Further, the Seventh Amendment’s constitutional right to a jury trial should be made applicable to the states through the due process clause of the Fourteenth Amendment, Schmidt argued. She drew a parallel to the Supreme Court’s 2010 ruling in McDonald v. City of Chicago, in which the justices applied the right of gun ownership to the states, and by extension local governments, that attempted to ban handguns.
Law 360 has the story.
Monday, December 4, 2017
Roisin Aine Costello has posted to SSRN Reviving Rylands: How the Doctrine Could Be Used to Claim Compensation for Environmental Damages Caused by Fracking. The abstract provides:
Contemporary societies are characterized by complex interdependence, with industrial activity increasingly having the potential to cause effects beyond local and national borders. Courts have previously illustrated that liability for injurious action must lie with the individual who created the risk of damage under the common law rule of Rylands v. Fletcher. Having fallen out of favour in the twentieth century, this article proposes a re-articulation of the rule to cover situations in modern society in which invasive methods are used in the extraction of volatile fuels from the earth, specifically in the case of ‘fracking’. The article examines recent rulings from the United States and the United Kingdom, as well as precedent from the United Kingdom and Ireland to establish the manner in which the rule of Rylands v. Fletcher might be successfully rearticulated in the context of contemporary common law jurisdictions – specifically focusing on Ireland – as a means for redressing environmental damage.
Wednesday, November 29, 2017
Monday, November 27, 2017
Gregory Parks (Wake Forest) has a piece in The Huffington Post about the tort duties of fraternities and sororities with regard to hazing. The issue is relevant in Pennsylvania due to the February death of a pledge at a Penn State fraternity. Stacy Parks Miller, the Centre County District Attorney, has been aggressive in prosecuting numerous members of the now-defunct fraternity where the death occurred. The pledge is on tape (the tape having been recovered by the FBI after allegedly being deleted by a fraternity member) being given 18 drinks in 82 minutes. Other footage shows fraternity members not seeking help during the course of an entire night for the unconscious pledge who suffered several falls.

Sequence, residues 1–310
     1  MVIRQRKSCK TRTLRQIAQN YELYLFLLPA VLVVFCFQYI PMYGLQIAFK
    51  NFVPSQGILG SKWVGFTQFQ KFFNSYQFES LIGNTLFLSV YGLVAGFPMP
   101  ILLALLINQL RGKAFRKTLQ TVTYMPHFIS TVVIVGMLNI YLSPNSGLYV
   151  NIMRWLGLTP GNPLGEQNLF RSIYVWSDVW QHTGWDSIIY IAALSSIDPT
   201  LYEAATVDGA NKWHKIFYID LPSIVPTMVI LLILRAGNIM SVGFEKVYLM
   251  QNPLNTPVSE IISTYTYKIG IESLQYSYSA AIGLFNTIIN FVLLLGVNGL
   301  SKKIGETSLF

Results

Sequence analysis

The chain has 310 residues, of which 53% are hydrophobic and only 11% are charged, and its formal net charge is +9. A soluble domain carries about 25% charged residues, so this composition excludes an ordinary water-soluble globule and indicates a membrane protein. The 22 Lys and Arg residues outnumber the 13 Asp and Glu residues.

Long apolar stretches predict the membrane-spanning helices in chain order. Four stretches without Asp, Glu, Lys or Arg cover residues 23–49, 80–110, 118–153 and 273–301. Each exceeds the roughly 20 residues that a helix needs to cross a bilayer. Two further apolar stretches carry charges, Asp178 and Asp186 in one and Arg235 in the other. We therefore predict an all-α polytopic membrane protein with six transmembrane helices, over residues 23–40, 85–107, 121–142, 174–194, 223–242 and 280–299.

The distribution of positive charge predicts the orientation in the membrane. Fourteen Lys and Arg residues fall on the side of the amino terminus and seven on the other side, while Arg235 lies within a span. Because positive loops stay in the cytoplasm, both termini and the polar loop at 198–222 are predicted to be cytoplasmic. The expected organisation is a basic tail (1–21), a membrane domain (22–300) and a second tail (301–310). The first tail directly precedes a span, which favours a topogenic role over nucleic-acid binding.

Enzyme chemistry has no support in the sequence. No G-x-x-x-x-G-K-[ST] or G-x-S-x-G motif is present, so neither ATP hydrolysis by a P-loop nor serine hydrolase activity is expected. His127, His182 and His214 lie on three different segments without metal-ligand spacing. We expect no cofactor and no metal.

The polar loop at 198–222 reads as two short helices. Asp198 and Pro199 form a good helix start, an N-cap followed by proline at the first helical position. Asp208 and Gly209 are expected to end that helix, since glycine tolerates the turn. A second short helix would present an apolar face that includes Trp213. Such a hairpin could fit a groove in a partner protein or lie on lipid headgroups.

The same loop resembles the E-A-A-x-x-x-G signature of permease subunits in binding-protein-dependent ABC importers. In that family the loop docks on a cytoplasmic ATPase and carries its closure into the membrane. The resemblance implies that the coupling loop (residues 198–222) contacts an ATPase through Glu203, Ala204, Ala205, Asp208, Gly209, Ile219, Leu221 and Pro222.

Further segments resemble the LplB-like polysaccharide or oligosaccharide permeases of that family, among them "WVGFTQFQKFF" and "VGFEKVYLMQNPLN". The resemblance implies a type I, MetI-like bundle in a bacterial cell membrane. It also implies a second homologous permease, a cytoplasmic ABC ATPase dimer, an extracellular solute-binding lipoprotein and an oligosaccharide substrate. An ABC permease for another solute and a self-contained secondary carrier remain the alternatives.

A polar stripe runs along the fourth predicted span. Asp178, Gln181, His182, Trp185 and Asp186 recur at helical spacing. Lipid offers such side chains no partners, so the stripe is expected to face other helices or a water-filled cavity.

Parks focuses on tort law. After discussing custom in the "industry," Parks continues:
Regarding hazing, fraternities and sororities have reached a point—and probably did so long ago—when what is expected of them should be heightened. No longer should they be able to say that they’ve done their best or that their approaches are consistent with others in their industry. At its most basic level, what should be expected of fraternities and sororities is that they have harnessed, internalized, and employed the totality of research on hazing. They must also engage with hazing researchers and consultants who employ hazing research and hazing prevention best-practices. You can’t say that you’ve adequately attempted to address hazing and are grossly ignorant of the research on the topic and haven’t engaged with those grappling with the issue.
Friday, November 24, 2017
PA: Federal Judge Issues Preliminary Injunction to Prevent State from Dissolving Med Mal Insurer and Taking its Money
Two weeks ago, I reported that the Commonwealth of Pennsylvania was attempting to use surplus funds from a med mal insurer that was created by state law, but was not a part of state government. Pennsylvania, trying to balance its budget, passed a law requiring the Pennsylvania Professional Liability Joint Underwriting Association (JUA) to turn over $200M of a $268M surplus by December 1. If it fails to comply, the law abolishes the JUA and transfers its money to the Department of Insurance. Now Judge Christopher Conner has issued a preliminary injunction barring the state from carrying out that action. The judge's order puts the issue on hold until a federal trial can be held. PennLive has the story.
Monday, November 20, 2017
Chad Marzen has posted to SSRN The Pollution Exclusion and Carbon Monoxide. The abstract provides:
Approximately 400 individuals die each year and an additional 4,000 individuals are hospitalized annually in the United States due to unintentional carbon monoxide exposure. For the past several decades, insurance policies have generally included a pollution exclusion. This article is intended to contribute to the literature by examining pollution exclusion cases that involved carbon monoxide exposure.
A majority of courts uphold the validity of the pollution exclusion in insurance policies to bar coverage for personal injuries resulting from carbon monoxide. The first part of this article discusses the majority rule and the various arguments courts have utilized to uphold the exclusion. A minority rule has also emerged that the pollution exclusion does not apply to cases involving carbon monoxide. The second part of this article examines the arguments courts have utilized in ruling that carbon monoxide is not a “pollutant.”